I’m writing to draw attention to a critical piece of legislation that is being proposed. Specifically, L.D. 1359, which is An Act to Provide an Opportunity for Resentencing Individuals Who Were Sentenced for Crimes Committed as Juveniles.

If this bill is passed, the judicial system would be restricted from imposing a sentence of imprisonment on juveniles for life without the possibility of parole or early release. L.D. 1359 would also enable the justice system to reevaluate cases where a juvenile was convicted and sentenced as an adult, and the individual has been imprisoned for at least 20 years.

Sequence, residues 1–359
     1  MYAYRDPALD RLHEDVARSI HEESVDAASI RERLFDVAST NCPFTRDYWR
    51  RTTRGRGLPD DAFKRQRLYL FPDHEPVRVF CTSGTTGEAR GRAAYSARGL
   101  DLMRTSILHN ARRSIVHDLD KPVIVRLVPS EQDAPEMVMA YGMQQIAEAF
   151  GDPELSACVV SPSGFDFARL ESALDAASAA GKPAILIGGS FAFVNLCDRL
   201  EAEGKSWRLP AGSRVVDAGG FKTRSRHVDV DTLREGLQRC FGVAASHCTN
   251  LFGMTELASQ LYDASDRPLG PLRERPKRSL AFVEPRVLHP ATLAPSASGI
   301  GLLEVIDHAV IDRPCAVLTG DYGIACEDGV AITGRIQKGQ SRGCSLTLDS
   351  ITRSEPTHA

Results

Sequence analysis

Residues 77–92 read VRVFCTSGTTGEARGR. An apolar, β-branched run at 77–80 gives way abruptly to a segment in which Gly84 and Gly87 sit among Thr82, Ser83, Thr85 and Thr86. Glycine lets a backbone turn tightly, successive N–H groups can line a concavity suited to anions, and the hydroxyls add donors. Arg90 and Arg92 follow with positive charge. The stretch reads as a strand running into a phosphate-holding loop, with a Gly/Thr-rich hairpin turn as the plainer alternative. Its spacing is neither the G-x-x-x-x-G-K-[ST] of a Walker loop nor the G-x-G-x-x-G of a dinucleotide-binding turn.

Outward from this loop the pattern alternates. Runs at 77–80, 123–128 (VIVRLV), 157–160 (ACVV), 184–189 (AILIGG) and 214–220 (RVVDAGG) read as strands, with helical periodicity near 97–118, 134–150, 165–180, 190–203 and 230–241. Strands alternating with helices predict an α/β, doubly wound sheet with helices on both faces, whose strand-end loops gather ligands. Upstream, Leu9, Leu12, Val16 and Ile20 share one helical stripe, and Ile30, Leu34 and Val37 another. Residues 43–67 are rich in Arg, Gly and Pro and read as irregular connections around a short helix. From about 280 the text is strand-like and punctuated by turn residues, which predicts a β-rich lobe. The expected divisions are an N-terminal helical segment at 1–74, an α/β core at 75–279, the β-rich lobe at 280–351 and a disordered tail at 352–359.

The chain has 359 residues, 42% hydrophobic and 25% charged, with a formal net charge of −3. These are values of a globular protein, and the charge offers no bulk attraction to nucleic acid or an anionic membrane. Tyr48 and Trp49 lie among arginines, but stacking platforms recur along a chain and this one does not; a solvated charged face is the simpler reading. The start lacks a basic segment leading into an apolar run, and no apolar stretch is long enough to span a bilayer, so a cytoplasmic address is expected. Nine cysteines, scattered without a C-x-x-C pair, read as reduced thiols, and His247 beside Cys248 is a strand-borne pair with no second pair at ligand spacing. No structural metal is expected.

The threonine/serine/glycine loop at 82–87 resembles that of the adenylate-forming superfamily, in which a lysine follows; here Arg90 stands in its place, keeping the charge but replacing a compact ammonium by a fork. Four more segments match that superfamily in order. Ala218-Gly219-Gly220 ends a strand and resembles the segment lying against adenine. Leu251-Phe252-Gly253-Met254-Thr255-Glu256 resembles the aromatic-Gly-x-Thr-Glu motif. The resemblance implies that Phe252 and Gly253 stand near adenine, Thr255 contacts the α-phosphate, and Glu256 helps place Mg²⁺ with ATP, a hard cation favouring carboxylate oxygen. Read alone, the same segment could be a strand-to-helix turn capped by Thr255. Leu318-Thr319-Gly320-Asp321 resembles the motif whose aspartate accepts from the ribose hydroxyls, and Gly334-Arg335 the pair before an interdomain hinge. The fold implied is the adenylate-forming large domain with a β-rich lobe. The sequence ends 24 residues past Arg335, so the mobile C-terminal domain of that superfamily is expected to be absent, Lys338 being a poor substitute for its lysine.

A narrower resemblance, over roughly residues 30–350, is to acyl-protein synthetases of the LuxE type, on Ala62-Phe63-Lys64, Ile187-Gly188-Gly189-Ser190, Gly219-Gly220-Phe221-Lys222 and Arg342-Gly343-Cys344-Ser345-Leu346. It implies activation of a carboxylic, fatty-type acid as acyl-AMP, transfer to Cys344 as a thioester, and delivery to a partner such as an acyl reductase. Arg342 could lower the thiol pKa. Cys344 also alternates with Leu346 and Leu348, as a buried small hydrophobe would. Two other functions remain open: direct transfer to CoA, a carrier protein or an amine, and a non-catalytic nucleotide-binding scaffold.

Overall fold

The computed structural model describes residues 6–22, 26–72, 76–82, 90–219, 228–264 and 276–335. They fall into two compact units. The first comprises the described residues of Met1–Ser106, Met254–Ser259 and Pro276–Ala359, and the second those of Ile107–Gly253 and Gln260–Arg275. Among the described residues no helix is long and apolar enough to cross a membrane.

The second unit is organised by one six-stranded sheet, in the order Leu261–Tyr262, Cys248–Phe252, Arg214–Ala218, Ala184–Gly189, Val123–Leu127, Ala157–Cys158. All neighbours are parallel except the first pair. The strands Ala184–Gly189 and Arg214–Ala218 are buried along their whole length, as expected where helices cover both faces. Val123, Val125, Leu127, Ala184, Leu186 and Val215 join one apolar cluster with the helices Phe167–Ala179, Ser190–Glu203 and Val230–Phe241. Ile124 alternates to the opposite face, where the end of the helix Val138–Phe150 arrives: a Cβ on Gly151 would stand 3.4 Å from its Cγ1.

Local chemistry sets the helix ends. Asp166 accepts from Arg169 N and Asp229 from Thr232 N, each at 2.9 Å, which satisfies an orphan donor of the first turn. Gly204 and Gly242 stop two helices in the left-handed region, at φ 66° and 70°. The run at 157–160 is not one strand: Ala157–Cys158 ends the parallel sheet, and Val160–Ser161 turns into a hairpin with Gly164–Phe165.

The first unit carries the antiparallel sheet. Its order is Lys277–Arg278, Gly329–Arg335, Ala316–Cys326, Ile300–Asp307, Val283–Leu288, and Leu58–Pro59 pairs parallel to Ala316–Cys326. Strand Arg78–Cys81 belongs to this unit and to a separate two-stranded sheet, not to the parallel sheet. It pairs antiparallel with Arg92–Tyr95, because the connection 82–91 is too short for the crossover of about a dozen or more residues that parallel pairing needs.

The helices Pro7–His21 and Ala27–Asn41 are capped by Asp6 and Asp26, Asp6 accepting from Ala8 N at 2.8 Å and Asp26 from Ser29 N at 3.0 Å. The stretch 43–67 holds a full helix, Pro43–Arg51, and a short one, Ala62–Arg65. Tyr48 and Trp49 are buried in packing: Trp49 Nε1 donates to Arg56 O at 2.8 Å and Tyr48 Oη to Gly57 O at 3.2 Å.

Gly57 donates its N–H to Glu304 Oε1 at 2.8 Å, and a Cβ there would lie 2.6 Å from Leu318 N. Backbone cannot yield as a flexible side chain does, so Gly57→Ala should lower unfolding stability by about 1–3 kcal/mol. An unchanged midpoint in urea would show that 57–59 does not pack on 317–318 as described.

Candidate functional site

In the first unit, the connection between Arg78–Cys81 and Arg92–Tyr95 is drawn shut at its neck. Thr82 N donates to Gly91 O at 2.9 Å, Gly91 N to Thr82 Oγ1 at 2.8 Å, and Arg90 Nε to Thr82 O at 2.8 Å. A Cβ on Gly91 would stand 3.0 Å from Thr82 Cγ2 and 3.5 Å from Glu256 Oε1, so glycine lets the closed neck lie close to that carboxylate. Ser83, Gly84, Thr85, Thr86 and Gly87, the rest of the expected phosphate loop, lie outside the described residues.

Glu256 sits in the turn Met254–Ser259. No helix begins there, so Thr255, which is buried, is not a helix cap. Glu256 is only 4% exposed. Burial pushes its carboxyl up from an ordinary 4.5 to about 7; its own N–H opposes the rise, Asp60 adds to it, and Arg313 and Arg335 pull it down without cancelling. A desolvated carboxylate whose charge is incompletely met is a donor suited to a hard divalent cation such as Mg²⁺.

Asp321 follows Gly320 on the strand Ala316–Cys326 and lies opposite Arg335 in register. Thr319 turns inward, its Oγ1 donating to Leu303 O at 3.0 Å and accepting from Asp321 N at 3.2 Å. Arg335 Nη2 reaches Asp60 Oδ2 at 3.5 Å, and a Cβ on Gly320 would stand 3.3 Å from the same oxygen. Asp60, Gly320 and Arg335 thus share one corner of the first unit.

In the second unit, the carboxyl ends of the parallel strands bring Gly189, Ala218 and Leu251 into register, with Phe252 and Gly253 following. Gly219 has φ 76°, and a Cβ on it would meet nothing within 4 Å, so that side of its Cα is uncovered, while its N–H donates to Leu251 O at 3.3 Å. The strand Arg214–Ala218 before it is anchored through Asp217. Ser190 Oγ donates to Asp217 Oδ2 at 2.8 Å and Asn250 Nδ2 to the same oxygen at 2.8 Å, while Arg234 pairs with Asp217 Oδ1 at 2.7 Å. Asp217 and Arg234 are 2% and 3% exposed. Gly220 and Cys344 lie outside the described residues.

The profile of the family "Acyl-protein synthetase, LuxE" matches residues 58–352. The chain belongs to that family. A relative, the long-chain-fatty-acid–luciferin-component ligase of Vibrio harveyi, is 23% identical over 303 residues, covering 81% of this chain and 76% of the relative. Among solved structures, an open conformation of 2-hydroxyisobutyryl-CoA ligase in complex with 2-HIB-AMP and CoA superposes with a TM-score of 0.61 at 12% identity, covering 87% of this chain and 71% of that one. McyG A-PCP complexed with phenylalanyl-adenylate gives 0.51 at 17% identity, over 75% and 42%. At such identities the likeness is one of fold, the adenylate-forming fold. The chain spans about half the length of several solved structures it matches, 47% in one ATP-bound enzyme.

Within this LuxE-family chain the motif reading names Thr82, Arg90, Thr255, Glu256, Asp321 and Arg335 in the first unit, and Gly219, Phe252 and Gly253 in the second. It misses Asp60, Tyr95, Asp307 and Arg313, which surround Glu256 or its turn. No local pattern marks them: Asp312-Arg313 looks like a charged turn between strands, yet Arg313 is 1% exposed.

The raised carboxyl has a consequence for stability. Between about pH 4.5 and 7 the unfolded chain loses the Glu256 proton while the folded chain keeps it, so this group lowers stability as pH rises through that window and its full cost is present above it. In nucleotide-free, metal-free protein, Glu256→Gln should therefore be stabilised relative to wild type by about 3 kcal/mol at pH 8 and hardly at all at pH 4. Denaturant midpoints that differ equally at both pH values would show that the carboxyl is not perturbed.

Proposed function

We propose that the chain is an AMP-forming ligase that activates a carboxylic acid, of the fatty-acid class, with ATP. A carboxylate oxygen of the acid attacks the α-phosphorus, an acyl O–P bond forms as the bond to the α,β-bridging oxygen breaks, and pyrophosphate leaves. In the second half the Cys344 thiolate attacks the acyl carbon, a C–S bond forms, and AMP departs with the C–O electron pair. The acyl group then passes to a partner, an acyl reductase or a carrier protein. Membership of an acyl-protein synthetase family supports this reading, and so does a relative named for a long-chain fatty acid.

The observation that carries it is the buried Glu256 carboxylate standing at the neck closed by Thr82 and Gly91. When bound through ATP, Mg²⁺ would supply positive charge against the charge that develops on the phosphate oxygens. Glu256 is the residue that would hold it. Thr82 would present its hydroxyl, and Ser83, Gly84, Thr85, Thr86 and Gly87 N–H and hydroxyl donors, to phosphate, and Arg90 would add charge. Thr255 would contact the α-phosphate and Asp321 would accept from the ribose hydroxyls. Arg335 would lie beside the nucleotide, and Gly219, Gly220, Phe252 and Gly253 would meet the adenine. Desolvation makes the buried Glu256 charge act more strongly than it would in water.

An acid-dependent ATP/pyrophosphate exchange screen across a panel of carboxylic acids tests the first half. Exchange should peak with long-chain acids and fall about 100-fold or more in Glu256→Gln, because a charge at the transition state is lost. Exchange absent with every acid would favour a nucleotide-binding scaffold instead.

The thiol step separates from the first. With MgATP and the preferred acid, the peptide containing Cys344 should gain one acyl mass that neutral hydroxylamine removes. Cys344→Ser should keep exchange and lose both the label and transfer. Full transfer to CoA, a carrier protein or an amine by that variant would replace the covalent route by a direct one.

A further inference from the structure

Individuals who have been sentenced to incarceration as juveniles should be able to have a chance at freedom. As a society, we need to advocate for restorative justice, rehabilitation and compassion.

As science has evolved, research has indicated that a human’s brain is not fully developed until well into adulthood. Critical components of the brain that regulate impulsivity, decision-making and empathy are still evolving during adolescence. Additionally, key risk factors that contribute to delinquent activity and crime include poverty, family violence, abuse, and exposure to parental substance use in the home.

At this moment, Maine residents have the ability to call on legislators to make the right decision and choose compassion. Many of these individuals who have been sentenced to life in prison as children were never shown compassion — by society, or by the ones tasked with protecting them as kids.

Caitlin Humphries, Stratton

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